It is easy enough to see how this works in the case of two people exchanging money. Suppose Person A wants to transfer 100 bitcoin (or whatever) to Person B. Person A has a digital ‘wallet’ which contains a record of how much bitcoin they currently own. They sign into this and agree to transfer a certain sum to Person B. They do this by broadcasting to the network that they wish to transfer the money to Person B’s digital wallet. Details of this proposed transaction are then added to a ‘block’ of transactional data that is stored across the network. The ‘block’ is like a temporary record that is in the process of being added to the permanent record (the blockchain). The ‘block’ represents all the transactions that took place on the network during a particular interval of time. In the case of bitcoin, the block includes information about all the transactions taking place in a ten minute interval.

At this stage, the transaction between A and B has not been verified and does not form part of the permanent distributed ledger. What happens next is that once all the data has been collected for a given interval of time, the network works on verifying the details in those transactions (i.e. does A really have that amount of money to send to B? Did A really initiate the transaction? etc). Each computer on the network participates in a competition to verify the transactional data. The winner of this competition gets to add the ‘block’ to the ‘blockchain’ (i.e. they get to update the ledger). When they do so, they broadcast their ‘proof of work’ to the rest of the network. This shows the network how the winning computer verified the transactional data. The other computers on the network then check that proof of work and confirm that the record is correct. This is where the ‘distributed consensus’ comes in. It is only if the winning ‘solution’ is confirmed by the majority that it becomes a permanent part of the blockchain.

This verification process is technically tricky. I have a given a simple descriptive account. For the full picture, you would need to engage with the cryptographic concepts underpinning it.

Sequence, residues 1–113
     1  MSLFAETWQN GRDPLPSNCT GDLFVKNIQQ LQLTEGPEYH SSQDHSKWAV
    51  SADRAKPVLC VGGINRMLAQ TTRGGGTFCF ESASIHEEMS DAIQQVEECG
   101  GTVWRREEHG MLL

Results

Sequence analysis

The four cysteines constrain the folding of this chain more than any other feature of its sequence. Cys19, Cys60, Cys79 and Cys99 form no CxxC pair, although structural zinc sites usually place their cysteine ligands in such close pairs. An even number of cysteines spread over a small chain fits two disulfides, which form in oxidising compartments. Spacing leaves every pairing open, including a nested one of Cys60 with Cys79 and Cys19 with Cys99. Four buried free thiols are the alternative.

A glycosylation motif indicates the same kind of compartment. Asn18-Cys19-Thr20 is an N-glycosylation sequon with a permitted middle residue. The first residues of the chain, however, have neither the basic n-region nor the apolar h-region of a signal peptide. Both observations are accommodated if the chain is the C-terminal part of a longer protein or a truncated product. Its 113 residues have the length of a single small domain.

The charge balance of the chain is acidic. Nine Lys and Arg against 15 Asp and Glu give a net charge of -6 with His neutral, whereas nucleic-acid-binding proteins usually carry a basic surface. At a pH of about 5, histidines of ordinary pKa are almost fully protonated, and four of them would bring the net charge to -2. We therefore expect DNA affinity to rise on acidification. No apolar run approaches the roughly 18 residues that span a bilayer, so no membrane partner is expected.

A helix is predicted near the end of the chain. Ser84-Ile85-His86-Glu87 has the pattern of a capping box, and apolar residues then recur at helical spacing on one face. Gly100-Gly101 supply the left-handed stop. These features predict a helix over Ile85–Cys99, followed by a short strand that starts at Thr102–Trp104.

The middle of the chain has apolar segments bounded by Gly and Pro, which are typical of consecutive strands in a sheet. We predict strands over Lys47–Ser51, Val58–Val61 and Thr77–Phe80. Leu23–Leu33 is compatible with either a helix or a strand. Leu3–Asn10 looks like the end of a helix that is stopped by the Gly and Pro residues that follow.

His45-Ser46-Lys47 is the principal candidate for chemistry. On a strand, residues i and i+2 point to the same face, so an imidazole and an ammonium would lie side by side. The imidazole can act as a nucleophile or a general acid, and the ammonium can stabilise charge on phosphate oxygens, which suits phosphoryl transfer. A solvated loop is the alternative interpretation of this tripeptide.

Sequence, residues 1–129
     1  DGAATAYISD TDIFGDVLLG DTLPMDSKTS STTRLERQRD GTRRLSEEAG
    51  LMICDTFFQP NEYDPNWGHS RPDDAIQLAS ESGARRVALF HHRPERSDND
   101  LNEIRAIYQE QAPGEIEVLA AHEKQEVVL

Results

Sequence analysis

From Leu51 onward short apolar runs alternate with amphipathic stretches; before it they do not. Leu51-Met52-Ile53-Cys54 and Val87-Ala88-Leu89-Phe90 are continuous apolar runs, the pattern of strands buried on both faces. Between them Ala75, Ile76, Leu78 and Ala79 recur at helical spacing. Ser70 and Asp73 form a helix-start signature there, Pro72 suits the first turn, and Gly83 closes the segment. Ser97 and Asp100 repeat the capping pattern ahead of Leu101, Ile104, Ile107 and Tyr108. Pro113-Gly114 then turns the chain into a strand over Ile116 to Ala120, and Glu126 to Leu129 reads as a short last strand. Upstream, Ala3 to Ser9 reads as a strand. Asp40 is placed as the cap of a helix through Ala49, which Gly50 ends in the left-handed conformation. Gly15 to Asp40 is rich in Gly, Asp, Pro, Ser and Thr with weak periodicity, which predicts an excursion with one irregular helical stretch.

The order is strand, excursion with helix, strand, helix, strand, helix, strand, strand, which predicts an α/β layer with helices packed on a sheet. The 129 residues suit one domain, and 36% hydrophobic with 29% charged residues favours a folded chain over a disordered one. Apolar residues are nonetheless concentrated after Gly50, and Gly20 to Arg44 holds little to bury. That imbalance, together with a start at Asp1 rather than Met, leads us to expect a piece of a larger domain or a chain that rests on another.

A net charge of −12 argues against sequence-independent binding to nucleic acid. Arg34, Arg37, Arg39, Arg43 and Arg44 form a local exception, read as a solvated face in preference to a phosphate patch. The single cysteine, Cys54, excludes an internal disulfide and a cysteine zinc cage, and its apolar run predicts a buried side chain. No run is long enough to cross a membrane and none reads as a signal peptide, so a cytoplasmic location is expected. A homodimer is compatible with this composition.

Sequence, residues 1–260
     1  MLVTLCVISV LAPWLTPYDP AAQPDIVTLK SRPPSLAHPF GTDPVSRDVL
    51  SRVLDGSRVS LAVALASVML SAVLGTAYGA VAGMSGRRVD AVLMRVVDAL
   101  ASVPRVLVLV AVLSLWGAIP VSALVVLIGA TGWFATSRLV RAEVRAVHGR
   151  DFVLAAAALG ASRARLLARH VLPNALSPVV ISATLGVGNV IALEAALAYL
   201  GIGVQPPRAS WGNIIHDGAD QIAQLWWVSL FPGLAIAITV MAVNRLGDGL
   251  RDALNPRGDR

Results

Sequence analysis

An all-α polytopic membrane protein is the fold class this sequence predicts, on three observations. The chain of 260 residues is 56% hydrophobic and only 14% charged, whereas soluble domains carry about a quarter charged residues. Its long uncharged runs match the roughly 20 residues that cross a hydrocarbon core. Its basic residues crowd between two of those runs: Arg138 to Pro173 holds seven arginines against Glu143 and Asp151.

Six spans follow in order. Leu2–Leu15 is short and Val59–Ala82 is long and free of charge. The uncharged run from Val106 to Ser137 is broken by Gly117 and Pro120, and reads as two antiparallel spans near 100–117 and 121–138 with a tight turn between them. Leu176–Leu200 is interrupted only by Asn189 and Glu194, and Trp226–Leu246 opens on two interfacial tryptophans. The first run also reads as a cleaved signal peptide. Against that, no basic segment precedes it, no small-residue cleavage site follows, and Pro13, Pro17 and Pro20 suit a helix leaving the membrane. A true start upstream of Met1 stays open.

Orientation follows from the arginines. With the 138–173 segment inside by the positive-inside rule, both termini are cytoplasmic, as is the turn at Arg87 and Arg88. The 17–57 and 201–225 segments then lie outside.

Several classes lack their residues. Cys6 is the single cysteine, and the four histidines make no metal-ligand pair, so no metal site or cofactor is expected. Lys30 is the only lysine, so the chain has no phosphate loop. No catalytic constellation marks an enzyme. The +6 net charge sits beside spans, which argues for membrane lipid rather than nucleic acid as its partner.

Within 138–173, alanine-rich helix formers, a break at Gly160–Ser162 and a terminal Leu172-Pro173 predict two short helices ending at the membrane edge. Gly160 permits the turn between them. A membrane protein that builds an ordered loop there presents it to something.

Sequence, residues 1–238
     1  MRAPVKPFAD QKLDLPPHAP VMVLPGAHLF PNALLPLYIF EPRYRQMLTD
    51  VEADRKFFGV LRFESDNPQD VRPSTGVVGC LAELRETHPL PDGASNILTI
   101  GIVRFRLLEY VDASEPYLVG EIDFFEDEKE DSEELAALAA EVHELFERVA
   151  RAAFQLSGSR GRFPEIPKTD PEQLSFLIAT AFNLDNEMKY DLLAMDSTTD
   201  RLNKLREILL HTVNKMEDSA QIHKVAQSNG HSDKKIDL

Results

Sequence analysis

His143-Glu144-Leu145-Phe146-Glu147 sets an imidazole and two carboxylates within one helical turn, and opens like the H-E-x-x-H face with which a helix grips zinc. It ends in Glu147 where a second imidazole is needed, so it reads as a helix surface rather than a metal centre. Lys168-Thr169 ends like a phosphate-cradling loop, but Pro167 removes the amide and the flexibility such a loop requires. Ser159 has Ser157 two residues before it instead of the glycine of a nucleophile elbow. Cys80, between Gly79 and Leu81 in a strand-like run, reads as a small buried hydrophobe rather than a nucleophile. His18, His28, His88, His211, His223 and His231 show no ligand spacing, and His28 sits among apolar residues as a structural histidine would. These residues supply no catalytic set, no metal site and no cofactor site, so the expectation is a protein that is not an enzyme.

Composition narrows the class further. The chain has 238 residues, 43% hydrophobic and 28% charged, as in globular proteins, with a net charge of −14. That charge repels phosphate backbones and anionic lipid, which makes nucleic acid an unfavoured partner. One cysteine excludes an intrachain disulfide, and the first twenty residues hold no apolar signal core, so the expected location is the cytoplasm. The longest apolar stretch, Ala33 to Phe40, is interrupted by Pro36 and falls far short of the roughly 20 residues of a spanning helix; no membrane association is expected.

There are a couple of interesting things about this, over and above its ‘distributed consensus’ nature. The first has to do with the role of trust. Some people refer to the blockchain as a ‘trustless’ system. I think people say this because it is the computer protocol and its combination of cryptographic verification methods that underpin the ledger. Thus, when you are using the system, you do not have to trust or place faith in another human being. This makes it seem very different from, say, the situation faced by the islanders of Yap, who really do have to trust one another when using their distributed ledger. But clearly there is trust of a kind involved in the process. You have to trust the technology, and the theory underpinning it. Maybe that trust is justified, but it still seems to be there. Also, since most people lack the technical know-how to fully understand the system, there is a stronger sense of trust involved for most users: they have to trust the technical experts who establish and maintain the network.

The other interesting thing has to do with the incentive to maintain the network. You may wonder why people would be willing to give up their computing resources to maintain such an elaborate system. The technologically-inclined might do so initially out of curiosity, or maybe some sense of idealism, but to have a widespread network you probably need something more enticing. The solution used by most blockchain systems is to reward members of the network with some digital token that can be used to conduct exchanges on the network. In the case of bitcoin, the winner of the verification competition receives newly minted bitcoin for their troubles. This makes it attractive for people to join and maintain the network. Bitcoin adopts a particular economic philosophy in its reward system: the winner takes all the newly-minted bitcoin. This doesn’t have to be the case. You could adopt a more egalitarian or socialist system in which all members of the network share whatever token of value is being used.